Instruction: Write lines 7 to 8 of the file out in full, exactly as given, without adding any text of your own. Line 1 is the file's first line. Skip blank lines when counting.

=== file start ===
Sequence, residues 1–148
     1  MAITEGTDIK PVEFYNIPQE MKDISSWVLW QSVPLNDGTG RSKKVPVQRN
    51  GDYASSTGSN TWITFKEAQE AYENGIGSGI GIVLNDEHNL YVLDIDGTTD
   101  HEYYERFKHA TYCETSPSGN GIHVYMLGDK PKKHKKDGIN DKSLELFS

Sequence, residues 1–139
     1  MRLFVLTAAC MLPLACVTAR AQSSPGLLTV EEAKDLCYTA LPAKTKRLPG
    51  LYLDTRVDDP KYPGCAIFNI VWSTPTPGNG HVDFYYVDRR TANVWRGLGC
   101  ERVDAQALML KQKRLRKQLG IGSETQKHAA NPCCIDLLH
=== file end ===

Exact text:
    51  LYLDTRVDDP KYPGCAIFNI VWSTPTPGNG HVDFYYVDRR TANVWRGLGC
   101  ERVDAQALML KQKRLRKQLG IGSETQKHAA NPCCIDLLH